I have experimented with various modes of scanning, setting the scanner to first b&w, then color, and then changing the color depth. The b&w scans were terrible, even at 16 bits, as compared with the color scans at 24 bits. On the other hand, 48-bit files for negs of this size and fine grain are impossible. One try produced a file of 1,100 MB! It took an hour to do one operation on it. And Windows XP, otherwise admirably stable, eventually froze up while struggling to handle it.

So I am achieving the best results so far by scanning b&w negs as if they were color negs at 24 bits. This process has a pleasing but also troubling side-effect. The images all have a sepia tinge although I set SilverFast to remove any tint. What photographs strove to attain (for archivalness as well as tone, of course) with an evil-smelling selenium bath now just happens. If only the cast were subtle and consistent! So far, I cannot make it either despite repeated efforts using PictureWindow's color balancing procedure.

Large format requires great efforts at photographic quality and can reward them just as greatly. I do have much to learn and bugs to work out, but with the Epson scanner, I am coming closer to my goal of reprinting my whole large-format portfolio.

After Steven figured out how to scan 16 bit B&W using the TWAIN interface, he sent me the following,
When I tested Silverfast, I found no way to prevent the program from automatically paring files down to 8 bits, so I persisted with 24-bit color images of b&w negatives. I overlooked the capability of the twain program by Epson to make 16-bit b&w images. Now that I have corrected that mistake (for which I have paid dearly in time), I have starting using the twain program to produce new prints from the same negatives as before, prints that, compared with prints made from 24-bit color files, are better. Not only are the images larger for a given file size, around 9k x 7k pixels, but print resolution and gradation also look better.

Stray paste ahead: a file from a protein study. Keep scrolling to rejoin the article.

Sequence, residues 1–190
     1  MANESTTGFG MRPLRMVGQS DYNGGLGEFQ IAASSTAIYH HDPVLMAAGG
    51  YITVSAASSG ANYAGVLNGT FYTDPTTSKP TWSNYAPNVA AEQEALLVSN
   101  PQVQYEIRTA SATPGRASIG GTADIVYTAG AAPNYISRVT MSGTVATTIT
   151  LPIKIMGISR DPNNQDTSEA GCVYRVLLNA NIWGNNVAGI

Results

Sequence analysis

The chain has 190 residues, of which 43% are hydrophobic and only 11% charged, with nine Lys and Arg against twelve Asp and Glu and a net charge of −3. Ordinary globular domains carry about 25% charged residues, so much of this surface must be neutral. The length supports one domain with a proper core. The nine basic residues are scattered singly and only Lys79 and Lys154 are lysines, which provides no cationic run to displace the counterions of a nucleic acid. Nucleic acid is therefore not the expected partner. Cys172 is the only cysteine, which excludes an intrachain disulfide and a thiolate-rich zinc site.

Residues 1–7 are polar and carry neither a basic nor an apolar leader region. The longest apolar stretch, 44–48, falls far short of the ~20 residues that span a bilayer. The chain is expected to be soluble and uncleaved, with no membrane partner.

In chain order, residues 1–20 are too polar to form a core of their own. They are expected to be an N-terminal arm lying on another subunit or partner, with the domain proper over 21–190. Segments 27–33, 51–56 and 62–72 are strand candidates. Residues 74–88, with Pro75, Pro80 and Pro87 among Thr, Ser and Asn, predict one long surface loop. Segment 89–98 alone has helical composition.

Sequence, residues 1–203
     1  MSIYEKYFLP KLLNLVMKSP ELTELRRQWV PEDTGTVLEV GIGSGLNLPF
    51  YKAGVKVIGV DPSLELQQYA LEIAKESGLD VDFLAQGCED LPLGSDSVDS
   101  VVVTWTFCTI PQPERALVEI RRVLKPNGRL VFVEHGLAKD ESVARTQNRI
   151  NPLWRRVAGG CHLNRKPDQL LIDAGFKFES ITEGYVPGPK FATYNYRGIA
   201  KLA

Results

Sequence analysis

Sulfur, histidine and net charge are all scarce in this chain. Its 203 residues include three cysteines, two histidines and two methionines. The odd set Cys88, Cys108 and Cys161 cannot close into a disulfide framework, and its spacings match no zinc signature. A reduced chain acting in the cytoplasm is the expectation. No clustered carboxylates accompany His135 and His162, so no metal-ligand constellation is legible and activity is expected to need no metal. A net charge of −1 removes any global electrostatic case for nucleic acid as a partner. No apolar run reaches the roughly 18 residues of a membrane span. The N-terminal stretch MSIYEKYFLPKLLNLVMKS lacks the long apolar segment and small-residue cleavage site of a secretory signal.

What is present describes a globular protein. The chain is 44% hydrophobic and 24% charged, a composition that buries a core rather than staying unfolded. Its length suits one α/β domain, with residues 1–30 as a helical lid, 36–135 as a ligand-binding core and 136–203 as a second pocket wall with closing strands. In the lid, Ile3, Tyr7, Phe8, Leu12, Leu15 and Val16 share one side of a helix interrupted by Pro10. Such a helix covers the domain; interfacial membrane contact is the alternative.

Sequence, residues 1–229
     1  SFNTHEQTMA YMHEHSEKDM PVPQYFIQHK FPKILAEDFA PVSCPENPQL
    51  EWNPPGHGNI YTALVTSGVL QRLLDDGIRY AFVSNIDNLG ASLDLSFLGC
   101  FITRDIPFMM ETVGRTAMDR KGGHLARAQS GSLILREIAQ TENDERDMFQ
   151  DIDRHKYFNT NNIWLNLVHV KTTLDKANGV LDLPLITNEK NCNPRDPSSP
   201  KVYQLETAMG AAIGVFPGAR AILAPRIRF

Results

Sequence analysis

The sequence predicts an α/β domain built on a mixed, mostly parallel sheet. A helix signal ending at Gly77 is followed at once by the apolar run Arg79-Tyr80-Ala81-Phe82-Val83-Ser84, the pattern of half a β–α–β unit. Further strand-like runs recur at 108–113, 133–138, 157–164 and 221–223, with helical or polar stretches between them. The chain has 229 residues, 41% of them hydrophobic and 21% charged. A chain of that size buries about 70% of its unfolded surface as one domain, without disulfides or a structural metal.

Steve Gilbert house-- full frame Epson 2450 scan
Full frame image scanned at 2400 dpi on the Epson 2450, reduced to 600 pixels horizontally.
House at full 1:1 magnification
Image of shingles at 1:1 magnification. Left: unsharpened, Right: sharpened.

From Steve's image the Epson 2450 appeared to be very nice but not as sharp as a dedicated 2400 dpi film scanner. This image benefited from sharpening. The image on the right was sharpened in Picture Window Pro using Unsharp Mask with Amount = 100%, Radius = 3, Threshold = 8. It's sharp enough to make an excellent 24x30 inch print (that's just over 6x magnification)-- much larger than my Epson printer can go. It should be adequate for 32x40 inches big. The 1:1 crop may not look very sharp (it isn't), but at a typical screen resolution of 75 dpi, the total image (about 10800 pixels horizontal) at this magnification would be 144 inches (3.6 meters) wide. My test with Dennis Wilkins' 2450 definitely came out sharper. The 2450 has an impressive sweet spot for 4x5. It's a remarkable scanner for the price.

Benjamin Kanarek's Epson 2450

In December 2002 Paris fashion photographer Benjamin Kanarek sent me some images taken with the Bronica ETRS-i (645 format) on Provia 100F slide film, and scanned with the 2450. Stunning. Sharp. Excellent tonal detail. I've done no additonal processing other than cropping. Here are some complete images and details. See Benjamin's site for more images, and click on this page for an image scanned with the Epson 3200..

Anas with strawberry (above)

Crops of Anas (right)

More images from Benjamin Kanarek

Back to Epson flatbed scanners, Part 1

Images and text copyright 2000-2013 by Norman Koren. Norman Koren lives in Boulder, Colorado, where he worked in developing magnetic recording technology for high capacity data storage systems until 2001. Since 2003 most of his time has been devoted to the development of Imatest. He has been involved with photography since 1964.